For more information about using the wiki, click Help. If you attempt to modify this wiki from a mobile browser (e.g. Android or iPad), you will need to use a browser that can set its "user agent" so it appears to be a desktop browser, otherwise the wiki will not let you edit. Mercury is a good option on iPad and lets you change the user agent easily.
Why does this class have a wiki?
Look around. There are too many people to effectively discuss things in class. It is difficult to find ways to work as a community on learnijng a topic as complicated as evolution. What you will be doing this semester is using this webpage to review, reinterpret, and redirect the material presented in lecture so that you - as a class - have a single place to go to learn and explore the material more deeply, and can actually adjust the content of the course to fit your interests.
How can we, the students, direct what content we are learning?
Dr. Wares will be lecturing based on the textbook (Zimmer and Emlen 2012), augmenting this information with his own experience and interests. The idea is that you can learn more if you try to re-state what is in the lecture, using resources from the web, your textbook, etc. or your own summarization. More importantly, the class will find a tremendous number of published papers, summaries, websites, wikipedia entries, etc. if they search for a given topic (e.g. Hardy-Weinberg equilibrium) as it relates to something more interesting TO YOU (e.g. human mating behavior). Your interests as a class can direct how evolutionary biology is presented on this website. If sufficient input is put into the website, then, Dr. Wares will use the wiki pages as the resource for some or all of the exam questions. That means that you would be selecting at least some of the material on which you will be graded.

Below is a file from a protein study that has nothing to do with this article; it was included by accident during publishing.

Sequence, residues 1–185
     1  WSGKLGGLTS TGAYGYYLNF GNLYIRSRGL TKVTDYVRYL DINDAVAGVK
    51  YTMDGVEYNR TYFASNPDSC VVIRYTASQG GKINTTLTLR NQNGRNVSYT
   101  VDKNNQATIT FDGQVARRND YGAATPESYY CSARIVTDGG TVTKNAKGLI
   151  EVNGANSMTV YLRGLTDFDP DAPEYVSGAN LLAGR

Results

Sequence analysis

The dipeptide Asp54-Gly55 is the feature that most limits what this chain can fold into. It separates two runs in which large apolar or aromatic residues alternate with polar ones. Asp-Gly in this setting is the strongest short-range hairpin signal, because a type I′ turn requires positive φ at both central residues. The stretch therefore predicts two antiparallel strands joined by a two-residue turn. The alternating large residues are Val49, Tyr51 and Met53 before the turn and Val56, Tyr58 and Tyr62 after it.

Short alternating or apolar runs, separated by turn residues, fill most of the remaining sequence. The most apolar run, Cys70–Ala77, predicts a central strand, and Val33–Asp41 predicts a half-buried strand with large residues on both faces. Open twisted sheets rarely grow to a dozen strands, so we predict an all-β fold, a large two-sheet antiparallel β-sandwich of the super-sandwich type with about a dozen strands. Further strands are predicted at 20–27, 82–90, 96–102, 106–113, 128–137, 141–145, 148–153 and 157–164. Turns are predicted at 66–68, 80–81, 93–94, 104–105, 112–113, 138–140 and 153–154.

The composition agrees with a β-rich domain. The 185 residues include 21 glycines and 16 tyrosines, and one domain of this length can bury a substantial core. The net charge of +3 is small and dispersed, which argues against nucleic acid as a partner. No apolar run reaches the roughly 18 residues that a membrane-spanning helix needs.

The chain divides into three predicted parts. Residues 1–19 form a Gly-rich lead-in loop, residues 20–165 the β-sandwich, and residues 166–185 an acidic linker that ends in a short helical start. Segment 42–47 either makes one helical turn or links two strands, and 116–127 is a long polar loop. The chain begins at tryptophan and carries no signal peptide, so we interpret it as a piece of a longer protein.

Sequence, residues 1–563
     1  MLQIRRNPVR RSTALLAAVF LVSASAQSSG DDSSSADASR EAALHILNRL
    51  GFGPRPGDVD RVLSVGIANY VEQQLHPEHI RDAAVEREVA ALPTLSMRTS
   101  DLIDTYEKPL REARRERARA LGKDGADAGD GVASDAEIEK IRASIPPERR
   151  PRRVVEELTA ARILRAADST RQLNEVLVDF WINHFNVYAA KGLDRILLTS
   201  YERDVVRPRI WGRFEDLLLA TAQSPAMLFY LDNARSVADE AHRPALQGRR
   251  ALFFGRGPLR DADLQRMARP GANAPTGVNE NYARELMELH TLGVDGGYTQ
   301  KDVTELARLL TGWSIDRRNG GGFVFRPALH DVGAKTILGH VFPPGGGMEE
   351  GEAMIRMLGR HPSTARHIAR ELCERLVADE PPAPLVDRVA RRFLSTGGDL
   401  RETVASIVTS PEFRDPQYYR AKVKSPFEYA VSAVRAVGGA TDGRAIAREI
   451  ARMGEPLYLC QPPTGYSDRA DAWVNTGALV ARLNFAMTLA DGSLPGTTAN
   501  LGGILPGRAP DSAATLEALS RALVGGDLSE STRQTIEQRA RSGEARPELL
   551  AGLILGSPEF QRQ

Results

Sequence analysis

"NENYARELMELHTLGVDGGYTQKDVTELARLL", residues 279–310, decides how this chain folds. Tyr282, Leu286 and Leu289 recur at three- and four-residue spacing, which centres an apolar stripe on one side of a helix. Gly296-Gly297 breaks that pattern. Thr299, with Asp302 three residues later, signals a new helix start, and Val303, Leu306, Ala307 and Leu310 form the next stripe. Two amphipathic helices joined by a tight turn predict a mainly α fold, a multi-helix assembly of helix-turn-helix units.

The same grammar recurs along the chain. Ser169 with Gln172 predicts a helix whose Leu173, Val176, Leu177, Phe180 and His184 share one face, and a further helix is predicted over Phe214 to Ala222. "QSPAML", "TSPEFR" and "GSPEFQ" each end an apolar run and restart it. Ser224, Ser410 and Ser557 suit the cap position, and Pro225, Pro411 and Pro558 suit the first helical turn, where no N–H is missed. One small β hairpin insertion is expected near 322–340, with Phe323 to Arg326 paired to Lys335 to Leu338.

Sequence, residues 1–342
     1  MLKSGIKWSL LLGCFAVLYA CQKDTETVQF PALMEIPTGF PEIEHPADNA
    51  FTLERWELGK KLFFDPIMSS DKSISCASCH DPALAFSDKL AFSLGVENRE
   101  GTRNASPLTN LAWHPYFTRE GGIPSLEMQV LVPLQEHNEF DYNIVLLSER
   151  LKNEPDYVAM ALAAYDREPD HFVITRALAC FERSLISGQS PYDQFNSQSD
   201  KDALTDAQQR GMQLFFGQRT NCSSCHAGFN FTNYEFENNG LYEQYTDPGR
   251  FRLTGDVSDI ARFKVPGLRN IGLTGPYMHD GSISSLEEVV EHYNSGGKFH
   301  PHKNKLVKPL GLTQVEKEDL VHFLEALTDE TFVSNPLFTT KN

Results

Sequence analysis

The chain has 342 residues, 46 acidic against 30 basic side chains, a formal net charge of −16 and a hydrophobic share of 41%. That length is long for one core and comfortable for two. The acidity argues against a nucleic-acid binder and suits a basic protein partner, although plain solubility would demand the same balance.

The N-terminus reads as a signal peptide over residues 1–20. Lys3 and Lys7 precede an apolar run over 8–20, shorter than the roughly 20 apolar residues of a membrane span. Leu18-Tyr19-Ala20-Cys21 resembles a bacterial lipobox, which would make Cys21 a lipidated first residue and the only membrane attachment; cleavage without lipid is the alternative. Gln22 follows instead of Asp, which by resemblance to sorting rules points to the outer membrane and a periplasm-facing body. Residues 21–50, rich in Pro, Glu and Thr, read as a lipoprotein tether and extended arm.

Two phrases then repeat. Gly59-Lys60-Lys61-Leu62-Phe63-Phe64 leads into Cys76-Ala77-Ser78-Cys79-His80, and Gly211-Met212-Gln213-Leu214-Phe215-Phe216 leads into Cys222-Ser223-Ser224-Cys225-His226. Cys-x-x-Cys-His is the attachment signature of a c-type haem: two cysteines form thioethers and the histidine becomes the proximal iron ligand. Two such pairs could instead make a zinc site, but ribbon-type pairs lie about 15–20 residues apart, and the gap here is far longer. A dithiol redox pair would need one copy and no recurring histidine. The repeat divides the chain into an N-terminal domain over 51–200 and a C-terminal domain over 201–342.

How will this work?
This is experimental. I don't know anybody who has tried this. There is not an easy way to grade the effort of 160 or more students on something like a wiki, because sometimes your contribution will be major, perhaps expanding a definition or linking out to useful web resources, and sometimes it will be less major, cleaning up or reorganizing text. Think this won't work? Well, Wikipedia is nothing but a self-organized information dump from many thousands of users; it is very useful to most of us. And your own classmates generated an amazing website in the GENE 3000H Evolution class in Fall 2012, with only 14 students.
What we will try is to have you agree to make three updates each week: one after each lecture, and another some time during the week. Your TAs in the Discussion section will help show you how to do this, and how to log your three updates and email this information to your TAs, who will record this as part of your participation grade (10% of total points). So now by participating, simply putting forth the effort to explain and organize what we are learning, you get some easy points toward your grade - and you help determine what information you will be tested on!
If very little is put on the website, of course Dr. Wares has plenty of material from the textbook, and that's fine: that is the way things have been working for many years. However, if you want to set the course of your own education, thus making the material more germaine to your life, this is your opportunity. You can interact more with fellow students; it is important to recognize that you aren't each setting up little web territories and summarizing what you know. You will be modifying each others work, editing it, linking to pages others create, finding information on the web, videos, papers, images. This is what wikis are for!
How do we start?
Dr. Wares will try not to contribute anything to the main wiki that you, the class, will develop. You will start with the page "What is evolution?" and use your ideas on related topics, organizing principles, and so forth to create a resource that all of you can use! Please note: we can see the user ID of anybody who edits the page. No graffiti, spam, or indecent/inappropriate material. Always cite the source of your information, in accordance with the University Honesty Code. Be respectful of what others are trying to do, be respectful with your comments and questions. But hopefully: have fun. Learn a little bit more than you expect to. And then, you might end up teaching somebody something they haven't heard of before.